The panel heard he showed insight by considering the “early warning escalation tools of the nursing tools” he should have used to diagnose the resident as being in a diabetic coma. He had reflected that he should not have tried “to give fluids or sugary drinks, even when the patient is in deep sleep, let alone in a coma, unconscious or unresponsive”. He then said that he “should have called the ambulance immediately”.

Registrant A recognised he was the only registered nurse on duty and would have been clinically responsible. He also accepted that his “poor judgement could have led to irreparable damages to the safety of the patient”.

The panel heard he had attempted to remediate his misconduct by completing a six-month Level 2 course in Understanding the Care and Management of Diabetes, developing and implementing a personal development plan, and undertaking an assessment with his manager.

The panel decided that, although serious, this was a one-off incident and the risk of repetition was low. However, it believed that, although Registrant A’s conduct did not cause any patient harm, a finding of impairment was necessary to maintain public confidence in the profession. The panel accepted that Registrant A intended no malice or neglect towards Resident A, and was trying to help her but failed to do so appropriately.

Results of the fitness-to-practise panel

The ftp panel can impose four different sanctions:

  • Conditions of practice: this will prevent a registrant from carrying out certain types of work or working in a particular setting, it may require them to attend occupational health or do retraining. The order can be applied for up to three years and must be reviewed by an FTP panel again before expiry
  • Caution: the nurse or midwife is cautioned for their behaviour, but is allowed to practise without restriction

  • Suspensions: the nurse or midwife will be suspended from practice for a period of initially not longer than one year, but this can be extended after review by an FTP panel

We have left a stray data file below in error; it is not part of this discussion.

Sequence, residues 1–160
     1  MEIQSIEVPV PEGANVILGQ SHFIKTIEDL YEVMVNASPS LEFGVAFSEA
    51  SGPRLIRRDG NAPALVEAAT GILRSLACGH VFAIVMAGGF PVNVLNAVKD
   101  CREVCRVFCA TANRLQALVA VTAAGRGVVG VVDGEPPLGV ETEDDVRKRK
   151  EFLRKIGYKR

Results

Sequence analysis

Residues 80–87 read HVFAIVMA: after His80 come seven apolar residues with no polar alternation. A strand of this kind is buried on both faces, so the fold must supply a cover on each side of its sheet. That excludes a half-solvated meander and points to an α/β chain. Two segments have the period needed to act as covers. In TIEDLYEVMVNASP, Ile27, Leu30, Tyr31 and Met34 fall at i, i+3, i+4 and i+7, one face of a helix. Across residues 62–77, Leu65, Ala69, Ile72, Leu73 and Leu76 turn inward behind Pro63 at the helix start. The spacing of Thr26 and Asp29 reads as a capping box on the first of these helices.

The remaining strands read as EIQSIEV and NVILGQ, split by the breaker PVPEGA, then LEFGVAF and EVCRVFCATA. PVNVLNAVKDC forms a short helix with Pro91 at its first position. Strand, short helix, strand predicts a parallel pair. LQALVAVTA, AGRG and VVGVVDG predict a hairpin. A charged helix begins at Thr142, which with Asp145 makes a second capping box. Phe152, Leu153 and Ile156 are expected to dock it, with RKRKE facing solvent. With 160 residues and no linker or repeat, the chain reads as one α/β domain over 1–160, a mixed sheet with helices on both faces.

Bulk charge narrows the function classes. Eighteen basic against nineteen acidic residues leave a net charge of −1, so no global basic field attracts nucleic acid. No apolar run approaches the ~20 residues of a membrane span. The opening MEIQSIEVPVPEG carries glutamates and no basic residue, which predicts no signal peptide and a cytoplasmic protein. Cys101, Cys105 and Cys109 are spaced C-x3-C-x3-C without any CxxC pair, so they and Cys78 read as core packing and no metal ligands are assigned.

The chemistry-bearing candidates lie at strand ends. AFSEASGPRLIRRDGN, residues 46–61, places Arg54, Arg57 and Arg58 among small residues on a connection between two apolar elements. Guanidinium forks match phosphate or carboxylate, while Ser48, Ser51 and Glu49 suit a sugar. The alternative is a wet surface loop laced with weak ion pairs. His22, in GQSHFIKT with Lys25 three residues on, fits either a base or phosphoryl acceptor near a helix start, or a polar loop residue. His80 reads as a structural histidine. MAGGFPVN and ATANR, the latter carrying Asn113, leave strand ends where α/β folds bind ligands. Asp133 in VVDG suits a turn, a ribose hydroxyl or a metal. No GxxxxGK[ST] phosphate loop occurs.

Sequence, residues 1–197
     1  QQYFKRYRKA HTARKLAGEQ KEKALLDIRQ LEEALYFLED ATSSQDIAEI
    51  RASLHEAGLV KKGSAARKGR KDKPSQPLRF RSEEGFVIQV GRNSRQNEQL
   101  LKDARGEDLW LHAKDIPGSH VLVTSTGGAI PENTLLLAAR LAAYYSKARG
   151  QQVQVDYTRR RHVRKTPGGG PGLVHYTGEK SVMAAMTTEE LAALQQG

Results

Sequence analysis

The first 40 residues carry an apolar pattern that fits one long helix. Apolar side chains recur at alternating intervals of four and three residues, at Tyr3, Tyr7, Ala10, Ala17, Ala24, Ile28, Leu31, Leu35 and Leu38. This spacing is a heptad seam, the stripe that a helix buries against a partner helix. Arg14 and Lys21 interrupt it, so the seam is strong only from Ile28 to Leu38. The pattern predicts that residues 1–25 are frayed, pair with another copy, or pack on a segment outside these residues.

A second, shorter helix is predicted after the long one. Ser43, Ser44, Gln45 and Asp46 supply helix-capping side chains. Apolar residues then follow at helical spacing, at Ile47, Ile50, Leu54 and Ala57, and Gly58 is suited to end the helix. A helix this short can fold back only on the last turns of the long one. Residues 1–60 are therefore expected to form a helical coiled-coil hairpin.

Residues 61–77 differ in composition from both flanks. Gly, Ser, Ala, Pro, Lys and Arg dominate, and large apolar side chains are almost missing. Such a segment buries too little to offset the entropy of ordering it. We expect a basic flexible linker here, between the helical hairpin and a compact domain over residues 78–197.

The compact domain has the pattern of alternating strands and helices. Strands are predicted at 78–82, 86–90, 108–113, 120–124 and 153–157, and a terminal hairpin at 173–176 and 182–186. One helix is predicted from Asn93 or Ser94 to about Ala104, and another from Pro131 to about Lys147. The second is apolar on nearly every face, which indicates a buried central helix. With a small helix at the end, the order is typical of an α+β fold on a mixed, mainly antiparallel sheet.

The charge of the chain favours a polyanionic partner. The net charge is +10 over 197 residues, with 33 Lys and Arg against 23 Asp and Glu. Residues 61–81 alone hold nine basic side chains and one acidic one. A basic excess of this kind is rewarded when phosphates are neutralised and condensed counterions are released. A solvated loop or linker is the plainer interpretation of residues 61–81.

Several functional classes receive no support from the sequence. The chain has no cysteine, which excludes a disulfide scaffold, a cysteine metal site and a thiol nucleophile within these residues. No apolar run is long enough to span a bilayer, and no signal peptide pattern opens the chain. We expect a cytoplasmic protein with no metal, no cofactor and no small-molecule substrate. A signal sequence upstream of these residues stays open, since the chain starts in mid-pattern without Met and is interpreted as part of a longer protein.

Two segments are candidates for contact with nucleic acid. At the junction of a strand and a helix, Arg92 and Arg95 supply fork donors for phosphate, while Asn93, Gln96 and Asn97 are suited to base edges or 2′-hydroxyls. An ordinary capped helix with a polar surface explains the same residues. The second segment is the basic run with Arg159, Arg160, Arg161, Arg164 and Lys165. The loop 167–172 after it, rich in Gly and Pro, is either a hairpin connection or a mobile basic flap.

• Striking off: a nurse or midwife is removed from the register and not allowed to practise in the UK. The nurse or midwife must apply to be readmitted to the register

Share what you believe is the right action for the NMC panel to take below and then find out what they decided: Final panel decision and reasons


Which sanction, if any, would you impose of you were on the panel?

View poll results
  • 1 Comment

Readers' comments (1)

  • This Staff Nurse was calculated in her actions of dishonestly with the false administration of resident A, she lied and stealing a deceased patient's food supplement is unthinkable she defrauded vulnerable patients' out of essential care needs, she was In a position of considerable trust and in my opinion should be struck off the Mnc's register.

    Unsuitable or offensive? Report this comment

Have your say

You must sign in to make a comment

Please remember that the submission of any material is governed by our Terms and Conditions and by submitting material you confirm your agreement to these Terms and Conditions. Links may be included in your comments but HTML is not permitted.